An easy way to do this is to weigh the removed pieces and divide the total by the new door width to find the number of pounds per foot. Then you can call the local steel supplier and find out what flat bar, C-Channel, or angle iron sizes they have with the same pounds per foot. Order the best shape, cut it to length, and mount it across the back of the door. The door would remain at its original weight, the springs would work as intended, and the doors are now reinforced better.
Remember that saws rip a lot and peel over the metal, so use a grinder to get a clean cut line. In addition to a grinder, you’ll want to use the following equipment to make the job easy and safe.
- Safety goggles
- Ear plugs (if using a loud machine)
- Protective footwear
- Appropriate blades
- Sawdust exhaust system (I’ve used a leaf blower!)
- Cutting surface
As for safety tips, you always want to–
- Turn off and unplug powered equipment immediately after use
- Keep your face and body to one side of the cutting equipment when in use
- Keeps hands out of the cutting line
- Have a partner when possible
- Read the manufacturer’s instructions thoroughly
After preparing and checking your measurements, make the cuts and grind the edges to ensure smoothness. Now you’re reading to reinstall the door.
Reinstalling Cut Garage Doors
To begin, replace the weather strap and screw the brackets over it. Once the brackets align with the door’s edges, you can secure them even more with lag screws.
Then, place the door directly in the center of the garage opening. Use a level to get it even. You can use a shim to adjust the level.
Next, screw in the hinges on the upper corners of the door and the middle center. Place rollers into every hinge and bracket.
Here comes a more complicated step–wrapping the track around the wheels. Start at the bottom and ensure the wheels are set into the indentation on the track. Once that’s done, screw the track to the door frame via the brackets on the track. This will keep friction at bay and extend the life of your door.
Install two more hinges in the upper center and corner for the next panel up, leaving the trackless side untouched. This will simplify the process, so do this for every panel.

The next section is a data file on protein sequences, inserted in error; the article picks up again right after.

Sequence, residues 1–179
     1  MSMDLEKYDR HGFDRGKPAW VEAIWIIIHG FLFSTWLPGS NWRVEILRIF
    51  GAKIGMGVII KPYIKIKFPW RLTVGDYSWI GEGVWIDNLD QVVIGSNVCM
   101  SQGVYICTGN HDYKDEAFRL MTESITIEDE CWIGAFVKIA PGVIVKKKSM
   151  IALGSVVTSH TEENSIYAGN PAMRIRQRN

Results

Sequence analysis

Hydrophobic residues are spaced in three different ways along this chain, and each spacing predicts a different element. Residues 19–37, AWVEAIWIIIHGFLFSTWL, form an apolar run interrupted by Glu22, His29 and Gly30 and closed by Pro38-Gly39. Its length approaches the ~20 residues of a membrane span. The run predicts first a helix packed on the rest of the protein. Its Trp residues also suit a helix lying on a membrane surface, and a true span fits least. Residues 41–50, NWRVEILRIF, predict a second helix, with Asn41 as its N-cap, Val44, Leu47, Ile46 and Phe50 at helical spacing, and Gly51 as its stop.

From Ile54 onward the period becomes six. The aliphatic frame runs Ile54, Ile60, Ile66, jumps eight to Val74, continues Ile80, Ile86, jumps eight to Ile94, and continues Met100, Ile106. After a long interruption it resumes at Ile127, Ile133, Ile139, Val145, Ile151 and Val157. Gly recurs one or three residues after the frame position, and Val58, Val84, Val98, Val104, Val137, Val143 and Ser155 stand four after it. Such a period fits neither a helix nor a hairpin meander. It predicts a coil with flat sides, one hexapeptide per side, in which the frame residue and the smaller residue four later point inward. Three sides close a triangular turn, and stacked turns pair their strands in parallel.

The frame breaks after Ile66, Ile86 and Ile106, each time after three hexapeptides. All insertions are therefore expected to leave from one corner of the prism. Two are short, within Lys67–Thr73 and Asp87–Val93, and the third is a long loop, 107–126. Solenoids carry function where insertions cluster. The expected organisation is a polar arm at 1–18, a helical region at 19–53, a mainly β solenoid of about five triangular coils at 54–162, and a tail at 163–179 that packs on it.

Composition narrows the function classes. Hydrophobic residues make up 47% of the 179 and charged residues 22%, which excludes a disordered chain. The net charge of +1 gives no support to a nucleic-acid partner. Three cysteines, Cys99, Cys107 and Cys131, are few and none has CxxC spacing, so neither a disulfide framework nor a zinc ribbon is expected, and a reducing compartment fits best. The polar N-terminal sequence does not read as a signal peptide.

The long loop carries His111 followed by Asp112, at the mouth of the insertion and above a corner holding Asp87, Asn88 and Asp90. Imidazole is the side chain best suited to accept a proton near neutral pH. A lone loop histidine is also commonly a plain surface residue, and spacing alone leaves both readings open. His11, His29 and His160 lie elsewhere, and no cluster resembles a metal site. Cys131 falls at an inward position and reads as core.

To install the next panel, fit it on top of the bottom one and align the hinges. Premake a screw hole once it’s lined up perfectly, then screw in the hinge to connect the two panels, ensuring the roller isn’t fastened until the track fits the wheels.
Now you’ll screw the track to the door frame, leaving a little room between the track and the edge of the frame.
Take the horizontal track and connect it to the vertical track. Someone will have to help you lift and hold the track while you do so. Lift the curved part, slide screws in, and ratchet them into place.
Reattach the tracks to perforated angle irons onto the ceiling joists. Use a stud finder to locate them. Then, install supporting brackets to connect the track and the angle irons.
On the end of the upper tracks, install stop bolts to hold it in place with a ratchet, making sure to face the treads toward the center of the door.
At this time, you will install the other panels to the door, from bottom to top. Before you do the top panel, you need to connect and secure the top hinges and rollers to the curved track. Someone needs to hold the top panel in place while you do this.
The hinges on the top panel should be lower down on the panel, and the wheel should sit on the curved part of the track. Then you can secure the hinges.
It doesn’t seem very easy to install your modified garage door, but it’s pretty easy with some help and careful planning. Just take your time and have the proper safety equipment and instructions for using them.
Now you can cut down any material of garage doors. Just remember to check those measurements!